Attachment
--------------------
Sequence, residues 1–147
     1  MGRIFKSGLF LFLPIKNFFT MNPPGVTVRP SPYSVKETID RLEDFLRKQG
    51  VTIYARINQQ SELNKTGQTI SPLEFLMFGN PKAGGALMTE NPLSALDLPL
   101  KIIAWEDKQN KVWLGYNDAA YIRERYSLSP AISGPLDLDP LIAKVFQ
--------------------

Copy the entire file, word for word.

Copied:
Sequence, residues 1–147
     1  MGRIFKSGLF LFLPIKNFFT MNPPGVTVRP SPYSVKETID RLEDFLRKQG
    51  VTIYARINQQ SELNKTGQTI SPLEFLMFGN PKAGGALMTE NPLSALDLPL
   101  KIIAWEDKQN KVWLGYNDAA YIRERYSLSP AISGPLDLDP LIAKVFQ